Tech theatre takes a bow for production work

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Lisa Tra

Junior Ronny Hammond adjusts sophomore Jack White's mic tape.

Kristin Gooding, Editor in Chief

The curtain opens.

The actors say their lines.

The curtain closes and the show ends.

The actors take their bows and the audience applauds enthusiastically.  It’s another successful production.

What the audience didn’t see was all of the work behind the scenes that goes into producing a play  –the technicians backstage adjusting the levels on the actors’ mics, the hours of programming and designing lights and the months of preparation for the show including building the set and making props.

Lisa Tra
Sophomore Brooke Polvadore laces senior Ashley Pintello’s corset for the beginning of the show.

Mustang Theatre has been working on Beauty and the Beast which has proven to be one of the most tech-heavy shows they have done in a while from the elaborate set to the intricate costumes to the spectacular lighting. Being a technician is a lot harder than one might think.

“I wish people knew how important tech was because it’s the backbone to productions,” senior Jovani Villarreal said.

The technical process starts off with the technical director designing the set, and once the set is designed, it’s all hands on deck to bring that idea to life. For Beauty and the Beast, it took less than a month to build the set which included a castle, two rotating platforms to transform the castle into the village, and two wagons to represent Belle’s cottage and the tavern. 

“The hardest part of building the set is making all the different units and set pieces cohesively come together,” senior Collin Day said.

Before tech is added to the show, it is the technicians’ jobs to get props, costumes, set, and anything the show will need together. They might be pulling props to use, focusing lights to hit different areas or making costumes.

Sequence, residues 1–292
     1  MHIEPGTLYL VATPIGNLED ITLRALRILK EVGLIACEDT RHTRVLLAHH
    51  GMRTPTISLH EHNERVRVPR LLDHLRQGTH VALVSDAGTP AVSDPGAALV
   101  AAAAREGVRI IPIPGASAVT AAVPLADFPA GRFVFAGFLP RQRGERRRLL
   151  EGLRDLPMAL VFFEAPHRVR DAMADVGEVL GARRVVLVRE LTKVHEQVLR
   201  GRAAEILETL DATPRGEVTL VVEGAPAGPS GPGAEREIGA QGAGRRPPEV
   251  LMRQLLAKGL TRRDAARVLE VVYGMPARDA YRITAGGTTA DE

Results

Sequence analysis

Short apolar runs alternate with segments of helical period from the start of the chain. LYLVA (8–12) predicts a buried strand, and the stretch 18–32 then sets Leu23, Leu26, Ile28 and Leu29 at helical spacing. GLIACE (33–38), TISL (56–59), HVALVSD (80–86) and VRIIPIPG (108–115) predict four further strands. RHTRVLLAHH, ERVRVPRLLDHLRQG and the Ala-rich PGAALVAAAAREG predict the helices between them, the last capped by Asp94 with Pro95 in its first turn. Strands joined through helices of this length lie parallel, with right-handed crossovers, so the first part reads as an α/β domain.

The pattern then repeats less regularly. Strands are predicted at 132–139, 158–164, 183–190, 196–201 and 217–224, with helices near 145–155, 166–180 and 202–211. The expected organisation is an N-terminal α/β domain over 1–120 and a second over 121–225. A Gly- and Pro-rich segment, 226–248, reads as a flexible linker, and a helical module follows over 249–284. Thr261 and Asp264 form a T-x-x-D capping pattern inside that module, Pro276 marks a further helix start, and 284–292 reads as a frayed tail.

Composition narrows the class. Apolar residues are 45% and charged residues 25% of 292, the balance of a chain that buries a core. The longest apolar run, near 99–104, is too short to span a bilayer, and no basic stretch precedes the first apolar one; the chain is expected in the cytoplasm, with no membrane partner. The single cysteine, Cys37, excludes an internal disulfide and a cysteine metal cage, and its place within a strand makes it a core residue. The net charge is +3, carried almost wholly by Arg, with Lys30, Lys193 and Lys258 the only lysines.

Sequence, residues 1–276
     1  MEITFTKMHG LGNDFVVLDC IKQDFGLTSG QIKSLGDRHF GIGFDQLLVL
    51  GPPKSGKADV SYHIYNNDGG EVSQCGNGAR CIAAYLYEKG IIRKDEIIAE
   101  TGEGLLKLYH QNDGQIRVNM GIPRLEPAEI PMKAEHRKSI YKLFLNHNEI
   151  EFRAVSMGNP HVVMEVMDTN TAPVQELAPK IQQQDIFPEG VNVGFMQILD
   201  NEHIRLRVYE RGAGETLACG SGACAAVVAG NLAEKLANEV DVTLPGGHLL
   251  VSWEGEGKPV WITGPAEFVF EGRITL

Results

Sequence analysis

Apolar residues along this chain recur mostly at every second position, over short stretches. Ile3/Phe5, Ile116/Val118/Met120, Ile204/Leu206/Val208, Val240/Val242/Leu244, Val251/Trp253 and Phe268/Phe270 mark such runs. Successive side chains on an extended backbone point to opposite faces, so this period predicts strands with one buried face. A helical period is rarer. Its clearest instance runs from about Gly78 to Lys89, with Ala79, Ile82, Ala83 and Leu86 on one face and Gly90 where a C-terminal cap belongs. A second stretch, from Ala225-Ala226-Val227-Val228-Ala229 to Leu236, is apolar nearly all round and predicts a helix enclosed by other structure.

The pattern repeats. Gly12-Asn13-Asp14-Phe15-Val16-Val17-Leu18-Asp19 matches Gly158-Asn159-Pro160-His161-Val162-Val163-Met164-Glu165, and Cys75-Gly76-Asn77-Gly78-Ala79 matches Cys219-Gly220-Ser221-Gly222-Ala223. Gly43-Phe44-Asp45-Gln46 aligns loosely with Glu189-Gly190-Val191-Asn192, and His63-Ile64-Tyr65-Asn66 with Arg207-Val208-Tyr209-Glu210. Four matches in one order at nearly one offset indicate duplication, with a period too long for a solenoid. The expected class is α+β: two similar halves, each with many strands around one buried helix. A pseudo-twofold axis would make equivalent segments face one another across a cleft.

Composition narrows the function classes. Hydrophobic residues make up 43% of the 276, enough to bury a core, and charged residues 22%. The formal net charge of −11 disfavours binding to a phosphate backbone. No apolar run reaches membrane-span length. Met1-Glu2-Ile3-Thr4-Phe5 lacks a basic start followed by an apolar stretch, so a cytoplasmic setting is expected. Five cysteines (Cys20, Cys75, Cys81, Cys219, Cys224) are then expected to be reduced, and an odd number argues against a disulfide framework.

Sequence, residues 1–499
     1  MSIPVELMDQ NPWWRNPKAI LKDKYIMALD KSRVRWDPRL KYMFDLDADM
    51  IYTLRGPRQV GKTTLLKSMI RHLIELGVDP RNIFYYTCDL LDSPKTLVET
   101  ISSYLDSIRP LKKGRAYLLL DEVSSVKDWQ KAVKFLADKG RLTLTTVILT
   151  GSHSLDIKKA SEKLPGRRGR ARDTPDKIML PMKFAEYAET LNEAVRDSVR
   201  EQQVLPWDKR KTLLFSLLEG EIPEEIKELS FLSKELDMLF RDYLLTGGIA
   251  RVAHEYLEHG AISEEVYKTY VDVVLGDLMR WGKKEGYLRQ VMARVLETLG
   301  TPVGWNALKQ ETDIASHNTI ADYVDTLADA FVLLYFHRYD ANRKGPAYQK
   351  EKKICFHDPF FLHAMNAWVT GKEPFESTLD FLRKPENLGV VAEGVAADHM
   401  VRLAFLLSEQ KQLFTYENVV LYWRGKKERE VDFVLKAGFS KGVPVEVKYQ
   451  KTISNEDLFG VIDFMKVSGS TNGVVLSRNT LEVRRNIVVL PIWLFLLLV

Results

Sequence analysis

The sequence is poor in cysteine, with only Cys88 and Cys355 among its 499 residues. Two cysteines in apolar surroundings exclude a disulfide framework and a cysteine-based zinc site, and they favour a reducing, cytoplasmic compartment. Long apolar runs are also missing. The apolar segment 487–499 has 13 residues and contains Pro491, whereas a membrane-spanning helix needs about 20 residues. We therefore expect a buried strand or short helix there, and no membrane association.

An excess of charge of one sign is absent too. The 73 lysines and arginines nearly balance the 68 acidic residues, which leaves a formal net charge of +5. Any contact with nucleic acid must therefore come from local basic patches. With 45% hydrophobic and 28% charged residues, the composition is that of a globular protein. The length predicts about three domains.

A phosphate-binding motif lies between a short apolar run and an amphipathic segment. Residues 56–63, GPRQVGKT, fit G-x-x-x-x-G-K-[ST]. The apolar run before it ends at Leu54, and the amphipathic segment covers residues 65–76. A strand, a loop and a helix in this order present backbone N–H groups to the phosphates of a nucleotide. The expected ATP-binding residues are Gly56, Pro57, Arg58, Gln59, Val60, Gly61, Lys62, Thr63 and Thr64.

“Leading up to tech week is similar to cramming for a final exam,” senior Sherri Baker said. “You’re trying to look at everything you need in a limited amount of time.”

Tech week is when everything ties together, all the different aspects of tech join the performance. The week consists of programming all the lighting and sound cues then running them with the show. 

Day said that tech week is meant to mimic a show but with the ability to hold a scene if something needed to be fixed such as a lighting or a sound cue.

Lisa Tra
Sophomore Isaac Ramos practices using the spot before a tech rehearsal.

A good run of a show for tech is characterized by everything going smoothly and no kinks or glitches. Going unnoticed is part of the job.  

“Technical work suits me well because I prefer to work behind the scenes,” Day said. “But when you get noticed for all the hard work you do, it makes you feel a lot better.”

Tech theatre is just as important to a production as it is to the student technicians. Through learning tech theatre they have developed a strong work ethic, patience, and different skills that can’t be taught in a regular classroom.

“Tech theatre has helped me find a place where I belong and has also helped me find my future,” Day said.  He said he is planning on pursuing lighting design in college.

Beauty and the Beast is Jan. 23-25 at 7 p.m. in the auditorium. Tickets are $10.